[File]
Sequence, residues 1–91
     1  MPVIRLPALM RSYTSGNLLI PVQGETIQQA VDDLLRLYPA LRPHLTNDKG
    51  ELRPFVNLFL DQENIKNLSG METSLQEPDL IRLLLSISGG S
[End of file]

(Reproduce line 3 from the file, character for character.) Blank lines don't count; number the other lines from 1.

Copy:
    51  ELRPFVNLFL DQENIKNLSG METSLQEPDL IRLLLSISGG S